One of my work colleagues has a saying he often uses: “I look, but what do I see?” It came to mind recently when I wanted to buy a card featuring the Nativity scene for a friend who I knew thought of Christmas that way. I was looking, but all I could see were Christ-less Christmas cards featuring everything from snowflakes, reindeer and santas, to presents, stars, Christmas trees, decorations and words like ‘season’s greetings’, but not a Christ child in sight.
The very essence of Christmas – Christ – is absent from the mass of Christmas products drenching stores and media for the past few months. It is ironic and masterful at the same time that we can so publicly, commercially and socially share in, promote and support an event that is void of the essence of its very name and the origins of this globally popular word.
To put it into perspective, it would be like the Olympics without sports, soccer without a ball, motor racing without cars, fashion without clothes, music without sound, royalty without the royals.
Even though we all acknowledge the obvious commercial presence of Christmas, there is little focus or question on what’s not present, like Christ.
This isn’t a rant about the Christ-less Christmas being a bad or evil thing or about our lack of piety, but the Christ-less Christmas is, perhaps, the most blatant example of the meaninglessness of words today, the hollow emptiness of our language and the growing façade of words, whose substance has been rotted away like houses eaten through with termites, appearing solid but crumbling into nothingness at the touch. The word Christmas describes a foundational part of our lives, yet that foundation today has no relation, or connection, to the actual celebrating-the-birth-of-Christ-into-the-world meaning of the word.
The real problem with Christmas is not that it is Christ-less but that it is meaning-less; that is, the actual meaning of the word Christmas and what it has come to mean, in reality, are no longer the same thing. Putting Christ back into Christmas is about using words and language in the fullness of their true meaning so that we may mean what we say and say what we mean, deeply, fully, clearly and truly.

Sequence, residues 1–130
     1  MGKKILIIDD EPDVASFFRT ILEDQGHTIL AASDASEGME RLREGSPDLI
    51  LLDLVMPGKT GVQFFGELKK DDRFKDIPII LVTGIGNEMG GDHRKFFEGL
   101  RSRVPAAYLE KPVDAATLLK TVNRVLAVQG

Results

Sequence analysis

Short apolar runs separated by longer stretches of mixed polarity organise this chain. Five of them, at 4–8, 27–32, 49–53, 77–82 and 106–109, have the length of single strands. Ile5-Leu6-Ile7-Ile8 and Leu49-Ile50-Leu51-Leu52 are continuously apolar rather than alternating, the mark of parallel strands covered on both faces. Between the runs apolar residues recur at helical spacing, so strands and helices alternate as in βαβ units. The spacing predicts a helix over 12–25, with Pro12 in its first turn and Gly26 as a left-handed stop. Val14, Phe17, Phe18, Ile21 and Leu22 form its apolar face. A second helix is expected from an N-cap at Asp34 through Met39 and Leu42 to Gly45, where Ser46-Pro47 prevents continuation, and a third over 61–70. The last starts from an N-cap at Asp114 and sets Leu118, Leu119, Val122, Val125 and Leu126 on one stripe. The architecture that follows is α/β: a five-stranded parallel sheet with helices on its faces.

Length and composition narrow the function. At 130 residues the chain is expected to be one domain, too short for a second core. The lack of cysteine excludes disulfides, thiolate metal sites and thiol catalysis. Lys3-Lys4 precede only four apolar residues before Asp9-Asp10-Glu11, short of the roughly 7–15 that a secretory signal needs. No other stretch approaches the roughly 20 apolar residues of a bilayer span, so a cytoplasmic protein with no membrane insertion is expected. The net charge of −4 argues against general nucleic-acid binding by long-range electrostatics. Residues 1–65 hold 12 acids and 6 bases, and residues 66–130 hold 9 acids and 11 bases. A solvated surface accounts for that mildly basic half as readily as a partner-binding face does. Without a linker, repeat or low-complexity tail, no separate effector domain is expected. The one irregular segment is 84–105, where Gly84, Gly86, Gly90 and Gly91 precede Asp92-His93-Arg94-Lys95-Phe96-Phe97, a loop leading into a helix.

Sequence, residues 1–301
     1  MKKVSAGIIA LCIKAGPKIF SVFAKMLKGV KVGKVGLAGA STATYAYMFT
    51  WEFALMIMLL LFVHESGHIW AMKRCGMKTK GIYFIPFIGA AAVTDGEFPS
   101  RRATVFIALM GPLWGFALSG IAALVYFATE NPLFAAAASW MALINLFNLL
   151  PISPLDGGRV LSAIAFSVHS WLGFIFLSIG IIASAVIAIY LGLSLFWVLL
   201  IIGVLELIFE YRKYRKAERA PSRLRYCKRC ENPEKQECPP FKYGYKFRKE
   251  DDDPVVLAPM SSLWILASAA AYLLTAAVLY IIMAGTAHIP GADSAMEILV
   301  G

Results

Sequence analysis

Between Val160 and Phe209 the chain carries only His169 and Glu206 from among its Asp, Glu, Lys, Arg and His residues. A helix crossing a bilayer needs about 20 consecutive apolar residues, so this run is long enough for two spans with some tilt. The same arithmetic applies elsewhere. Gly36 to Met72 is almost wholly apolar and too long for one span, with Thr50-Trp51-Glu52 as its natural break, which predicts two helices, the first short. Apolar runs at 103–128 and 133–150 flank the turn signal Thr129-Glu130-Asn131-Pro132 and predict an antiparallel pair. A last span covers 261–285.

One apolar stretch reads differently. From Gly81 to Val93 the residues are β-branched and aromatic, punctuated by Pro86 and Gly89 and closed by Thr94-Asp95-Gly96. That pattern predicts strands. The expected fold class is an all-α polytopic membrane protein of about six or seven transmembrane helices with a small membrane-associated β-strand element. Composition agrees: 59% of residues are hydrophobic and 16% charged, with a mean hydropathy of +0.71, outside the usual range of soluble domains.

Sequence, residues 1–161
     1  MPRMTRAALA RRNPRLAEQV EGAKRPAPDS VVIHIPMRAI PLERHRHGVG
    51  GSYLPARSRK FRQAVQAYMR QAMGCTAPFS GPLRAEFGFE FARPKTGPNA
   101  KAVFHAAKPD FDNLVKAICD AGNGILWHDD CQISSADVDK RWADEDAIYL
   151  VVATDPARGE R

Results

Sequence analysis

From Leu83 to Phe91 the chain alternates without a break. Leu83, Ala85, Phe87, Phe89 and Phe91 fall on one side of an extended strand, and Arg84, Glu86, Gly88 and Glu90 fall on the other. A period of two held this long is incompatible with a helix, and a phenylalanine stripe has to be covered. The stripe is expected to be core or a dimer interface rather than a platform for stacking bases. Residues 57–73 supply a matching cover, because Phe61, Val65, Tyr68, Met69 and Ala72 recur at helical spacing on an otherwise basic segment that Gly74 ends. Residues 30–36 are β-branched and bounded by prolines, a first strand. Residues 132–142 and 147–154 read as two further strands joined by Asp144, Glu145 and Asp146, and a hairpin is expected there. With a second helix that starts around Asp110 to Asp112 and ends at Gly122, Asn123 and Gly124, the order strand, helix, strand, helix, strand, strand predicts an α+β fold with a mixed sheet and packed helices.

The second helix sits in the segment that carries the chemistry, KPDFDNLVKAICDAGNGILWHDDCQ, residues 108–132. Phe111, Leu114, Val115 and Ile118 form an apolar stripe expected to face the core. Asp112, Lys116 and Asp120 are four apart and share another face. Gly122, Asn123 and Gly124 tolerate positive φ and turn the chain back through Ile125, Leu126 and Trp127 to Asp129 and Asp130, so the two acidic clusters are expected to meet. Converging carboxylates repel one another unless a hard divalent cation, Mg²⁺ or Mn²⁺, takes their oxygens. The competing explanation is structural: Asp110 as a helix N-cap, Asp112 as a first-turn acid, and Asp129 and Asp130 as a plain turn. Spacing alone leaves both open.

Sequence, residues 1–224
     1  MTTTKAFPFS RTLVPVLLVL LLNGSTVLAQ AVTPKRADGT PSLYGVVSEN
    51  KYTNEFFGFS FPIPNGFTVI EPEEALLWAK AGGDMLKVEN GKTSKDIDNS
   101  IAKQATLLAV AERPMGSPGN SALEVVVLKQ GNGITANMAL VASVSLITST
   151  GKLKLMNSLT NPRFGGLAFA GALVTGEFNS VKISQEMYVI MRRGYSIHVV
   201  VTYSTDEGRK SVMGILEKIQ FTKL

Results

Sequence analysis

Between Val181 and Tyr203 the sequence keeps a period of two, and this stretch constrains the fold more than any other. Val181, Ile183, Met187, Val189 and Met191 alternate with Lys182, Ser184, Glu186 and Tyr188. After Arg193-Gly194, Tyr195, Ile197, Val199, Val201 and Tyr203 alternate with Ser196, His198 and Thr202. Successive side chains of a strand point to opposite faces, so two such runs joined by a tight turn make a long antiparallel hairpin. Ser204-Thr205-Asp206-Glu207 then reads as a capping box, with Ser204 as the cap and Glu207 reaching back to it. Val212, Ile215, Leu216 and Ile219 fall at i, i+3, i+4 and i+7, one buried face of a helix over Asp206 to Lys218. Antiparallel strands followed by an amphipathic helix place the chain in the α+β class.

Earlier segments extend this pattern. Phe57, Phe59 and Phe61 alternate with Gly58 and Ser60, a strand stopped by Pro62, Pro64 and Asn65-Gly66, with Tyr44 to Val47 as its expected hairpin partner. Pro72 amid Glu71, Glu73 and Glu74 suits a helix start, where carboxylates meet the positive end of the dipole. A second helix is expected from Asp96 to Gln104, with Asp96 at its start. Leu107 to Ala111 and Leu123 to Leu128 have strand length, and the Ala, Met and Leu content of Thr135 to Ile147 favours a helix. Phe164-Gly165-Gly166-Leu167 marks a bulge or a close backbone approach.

Observing the activity around Christmas reveals that the majority of us are definitely religious about decorating, gifting, feasting, holidaying and rounding it all off with sale shopping, devoid of honouring the birth of a being, whose short life and simple wisdom has echoed down the centuries, offering a way of living that has inspired many. We don’t have to be Christian to appreciate the Christ.
Christmas is a super-powerful word and once we get past the white noise and discern its meaning, as The Way of The Livingness invites us to always do for ourselves, it offers a genuine and true way to live. The word Christ actually refers to our connection with each other as One Family, not by blood, but by Brotherhood – we are all each other’s family, regardless of physical or legal ties, in essence beyond physical bounds. How different would this annual festival be if the word Christ was known and reflected in our celebrations of how we live, connecting deeply with each other as One Family and as the Brothers we equally are?
Without such truth in our words, we can say one thing but mean and live another, as so many of us can testify to with our current experiences of Christmas. How much living wisdom have we lost in the cracks between meaning and reality in the words we use in our lives? What gets lost and buried is us when our words and our lives don’t match, when our words are not embodied in the way we live.
Being definite in our language invites us to return integrity to our speech and our lives, having words actually match their meaning equally and universally, without distortion or versions, so they may be known singularly by any ear that hears them or eye that reads them. Moreover, the more we live with such integrity, the more we will insist that our words reflect this lived quality whereby Christmas is a lived celebration of the Christ, the Brotherhood we know, not in theory, but in the everyday way of our livingness.
By Adrienne Hutchins, BEd, Brisbane, Australia
Related Tags: Serge Benhayon